Previous trials that have examined the efficacy of antidepressants for treating pain in low back pain have varied in both the percentage of participants recruited with and without depression and the severity of depression of the included participants. While one study specifically selected participants with overt symptoms of depression [34] and two studies have included a mix of participants with and without depression [39, 40], two studies excluded individuals with major depression [15, 41] and, in a further study, it was unclear whether participants had depression [42]. We have chosen to exclude potential participants with depression or psychosis to allow us to examine the effectiveness of low-dose amitriptyline specifically on pain. Finally, we have chosen to use an active placebo, benztropine mesylate. Only two of the previous studies used an active placebo, with the remaining studies selecting a standard, inactive placebo. The benefit of using benztropine mesylate is that it mimics the side-effects of amitriptyline and assists with blinding of participants.

This trial has several potential limitations that need to be considered. Given that we are examining the effectiveness of low-dose amitriptyline, which is a TCA, it is not possible to directly extrapolate the findings to higher doses of TCAs or other types of antidepressants. While a variety of different types of antidepressants have been examined in the management of low back pain, much of the investigation has focused on TCAs and SSRIs. TCAs and SSRIs block the absorption of the chemicals or neurotransmitters, serotonin and/or noradrenaline, at the spine and midbrain [6]. There is preliminary evidence to suggest that low-dose TCAs produce greater reduction in pain compared with SSRIs and placebo. For instance, a study by Atkinson [15], which performed a head-to-head comparison for TCAs and SSRIs, showed an effect size of 0.31 (−0.23, 0.87) for fluoxetine (SSRI) and −0.62 (1.24, −0.01) for desipramine (TCA). This provides preliminary evidence suggesting that low-dose TCAs produce greater reduction in pain compared with placebo and SSRIs. However, this is still not proven in the treatment of low back pain as meta-analyses show no significant differences in pain between the TCA and SSRI treatment groups [14].

The current trial will involve the recruitment of participants with chronic, nonspecific low back pain. While this means that our population sample has the potential to be heterogeneous in nature, the participants recruited will represent a distinct clinical entity; that is they will have pain that has been present for longer than 3 months, their pain will be of no known cause and participants will have no diagnosed psychosis or depression. A further limitation of this trial relates to examining the adverse events associated with the use of low-dose antidepressants. While in our evaluation of the effectiveness of amitriptyline we will record the type, frequency and severity of adverse events that occur during the trial, the study is not designed to evaluate adverse events and prospective cohort studies with larger sample sizes are needed to examine the incidence of adverse events.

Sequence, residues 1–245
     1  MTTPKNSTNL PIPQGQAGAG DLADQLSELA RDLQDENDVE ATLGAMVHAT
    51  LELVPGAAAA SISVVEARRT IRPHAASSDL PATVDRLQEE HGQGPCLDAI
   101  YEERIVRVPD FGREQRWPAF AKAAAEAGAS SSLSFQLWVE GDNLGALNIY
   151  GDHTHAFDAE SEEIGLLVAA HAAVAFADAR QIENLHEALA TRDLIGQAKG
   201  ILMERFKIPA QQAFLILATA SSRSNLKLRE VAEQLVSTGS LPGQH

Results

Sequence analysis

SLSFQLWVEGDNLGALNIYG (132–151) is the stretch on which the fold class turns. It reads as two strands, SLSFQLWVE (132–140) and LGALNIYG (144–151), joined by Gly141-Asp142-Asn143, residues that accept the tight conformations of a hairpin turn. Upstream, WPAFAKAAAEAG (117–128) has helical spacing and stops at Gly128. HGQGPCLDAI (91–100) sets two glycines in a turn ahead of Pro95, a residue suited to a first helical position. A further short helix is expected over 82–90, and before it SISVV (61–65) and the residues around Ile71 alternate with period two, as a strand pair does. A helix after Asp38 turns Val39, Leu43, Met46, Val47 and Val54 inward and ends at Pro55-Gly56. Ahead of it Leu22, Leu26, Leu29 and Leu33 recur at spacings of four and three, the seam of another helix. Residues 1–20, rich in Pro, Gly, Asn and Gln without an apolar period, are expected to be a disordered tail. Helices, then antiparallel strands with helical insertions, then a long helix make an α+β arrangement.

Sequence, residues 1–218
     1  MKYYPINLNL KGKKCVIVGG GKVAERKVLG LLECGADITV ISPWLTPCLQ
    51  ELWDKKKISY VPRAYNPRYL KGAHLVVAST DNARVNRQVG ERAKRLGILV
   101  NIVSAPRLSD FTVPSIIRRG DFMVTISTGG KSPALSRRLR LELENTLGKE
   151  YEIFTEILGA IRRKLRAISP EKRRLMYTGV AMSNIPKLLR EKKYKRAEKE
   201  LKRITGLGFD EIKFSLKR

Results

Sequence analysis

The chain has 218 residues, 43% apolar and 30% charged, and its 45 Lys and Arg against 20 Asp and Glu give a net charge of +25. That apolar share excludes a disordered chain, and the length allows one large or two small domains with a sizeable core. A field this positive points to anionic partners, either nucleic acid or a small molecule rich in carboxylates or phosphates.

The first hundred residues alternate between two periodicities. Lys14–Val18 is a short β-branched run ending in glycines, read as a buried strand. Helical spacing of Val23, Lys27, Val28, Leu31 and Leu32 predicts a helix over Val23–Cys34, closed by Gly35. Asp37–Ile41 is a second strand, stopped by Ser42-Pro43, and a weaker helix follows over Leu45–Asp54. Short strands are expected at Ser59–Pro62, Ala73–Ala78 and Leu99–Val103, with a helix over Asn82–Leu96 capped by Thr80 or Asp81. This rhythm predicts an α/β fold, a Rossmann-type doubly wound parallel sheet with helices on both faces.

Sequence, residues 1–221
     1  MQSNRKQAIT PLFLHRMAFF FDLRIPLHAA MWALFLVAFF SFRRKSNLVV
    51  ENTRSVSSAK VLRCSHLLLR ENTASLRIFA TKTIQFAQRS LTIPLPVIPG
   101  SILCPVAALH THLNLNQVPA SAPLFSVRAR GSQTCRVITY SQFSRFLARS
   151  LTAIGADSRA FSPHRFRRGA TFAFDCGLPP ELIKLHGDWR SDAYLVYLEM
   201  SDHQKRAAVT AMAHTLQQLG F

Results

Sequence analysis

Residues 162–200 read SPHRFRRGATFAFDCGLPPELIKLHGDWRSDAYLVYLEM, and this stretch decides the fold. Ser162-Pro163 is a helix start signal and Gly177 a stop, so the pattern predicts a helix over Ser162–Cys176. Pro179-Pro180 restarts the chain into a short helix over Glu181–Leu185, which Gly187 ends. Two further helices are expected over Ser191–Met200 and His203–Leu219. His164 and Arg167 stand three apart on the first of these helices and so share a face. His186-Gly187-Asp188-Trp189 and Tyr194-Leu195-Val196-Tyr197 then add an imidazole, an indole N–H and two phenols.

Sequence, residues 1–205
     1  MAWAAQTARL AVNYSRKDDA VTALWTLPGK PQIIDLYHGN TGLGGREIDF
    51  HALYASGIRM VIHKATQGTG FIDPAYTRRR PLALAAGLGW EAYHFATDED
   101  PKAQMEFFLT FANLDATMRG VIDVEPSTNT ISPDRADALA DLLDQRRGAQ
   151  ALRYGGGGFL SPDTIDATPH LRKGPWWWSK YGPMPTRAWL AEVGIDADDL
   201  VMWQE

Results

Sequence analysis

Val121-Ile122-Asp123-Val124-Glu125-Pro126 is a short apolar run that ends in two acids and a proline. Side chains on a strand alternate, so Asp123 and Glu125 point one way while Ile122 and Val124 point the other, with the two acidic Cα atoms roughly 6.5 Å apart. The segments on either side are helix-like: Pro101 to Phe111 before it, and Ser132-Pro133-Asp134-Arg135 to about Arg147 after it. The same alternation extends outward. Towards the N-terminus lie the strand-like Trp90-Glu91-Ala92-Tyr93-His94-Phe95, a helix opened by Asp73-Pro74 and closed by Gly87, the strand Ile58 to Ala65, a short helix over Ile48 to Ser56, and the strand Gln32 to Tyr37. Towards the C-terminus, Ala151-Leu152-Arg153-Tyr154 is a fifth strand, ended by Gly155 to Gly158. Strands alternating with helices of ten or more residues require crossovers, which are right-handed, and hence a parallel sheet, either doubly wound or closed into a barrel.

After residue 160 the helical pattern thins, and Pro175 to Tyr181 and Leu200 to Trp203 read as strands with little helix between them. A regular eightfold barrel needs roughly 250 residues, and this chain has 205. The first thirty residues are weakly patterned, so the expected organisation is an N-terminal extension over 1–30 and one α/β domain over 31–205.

In summary, low back pain is the leading cause of disability worldwide, but effective treatment approaches are limited. Low-dose antidepressants are commonly used in clinical practice to treat pain in individuals with chronic low back pain; however, their use is unproven. This RCT will provide high-quality evidence to investigate whether low-dose amitriptyline is an effective treatment in the management of low back pain. If amitriptyline is found to be effective, it could be used to reduce pain, disability and work absenteeism and hindrance of work performance in individuals with chronic low back pain, and in turn, reduce the need for treatments and surgery that result in substantial costs to the community.



Randomised controlled trial


Selective serotonin reuptake inhibitor


Tricyclic antidepressant



Ms Judy Hankin, Ms Alice Noone and Ms Pyae Phyo Maung have been involved in the coordination and execution of this study.


This study is supported by the National Health and Medical Research Council of Australia (NHMRC, ID 1024401). DMU is the recipient of an NHMRC Career Development Fellowship (Clinical Level 1 number 1011975). AEW is the recipient of an NHMRC Career Development Fellowship (Clinical Level 2 number 1063574).

Availability of data and materials

Not applicable.

Authors’ contributions

DMU and FMC conceived the study. DMU, FMC, AEW, MS, MVT, AF, SG, CA, CF and SN were involved in study design and/or execution. DMU and FMC drafted the manuscript. All authors revised the manuscript and gave final approval of the version to be submitted.

Authors’ information

Not applicable.

Competing interests

The authors declare that they have no competing interests.

Consent for publication

Not applicable.

Ethics approval and consent to participate

Ethics approval was obtained from the Alfred Hospital Ethics Committee (HREC/12/Alfred/16, 476/11), Monash University Human Research Ethics Committee (CF12/0271 - 2012000106) and Eastern Health Human Ethics Committee (SERP28/1112). Informed consent will be obtained from all participants.

Open AccessThis article is distributed under the terms of the Creative Commons Attribution 4.0 International License (, which permits unrestricted use, distribution, and reproduction in any medium, provided you give appropriate credit to the original author(s) and the source, provide a link to the Creative Commons license, and indicate if changes were made. The Creative Commons Public Domain Dedication waiver ( applies to the data made available in this article, unless otherwise stated.

Authors’ Affiliations

Department of Epidemiology and Preventive Medicine, School of Public Health and Preventive Medicine, Monash University, Alfred Hospital, Melbourne, VIC, 3004, Australia
Department of Health Sciences and EMGO+, Institute for Health and Care Research, VU University, 1081 HV Amsterdam, The Netherlands
National Ageing Research Institute, Parkville, Melbourne, 3052, VIC, Australia
Caulfield Pain Management and Research Centre, Caulfield, Melbourne, 3162, VIC, Australia
Department of Anaesthesia and Perioperative Medicine, Monash University, Alfred Hospital, Melbourne, 3004, VIC, Australia
Eastern Health Clinical School, Faculty of Medicine, Nursing and Health Sciences, Monash University, Box Hill, Melbourne, 3128, VIC, Australia
Department of Medicine, Faculty of Medicine, Nursing and Health Sciences, Monash University, Melbourne, 3800, VIC, Australia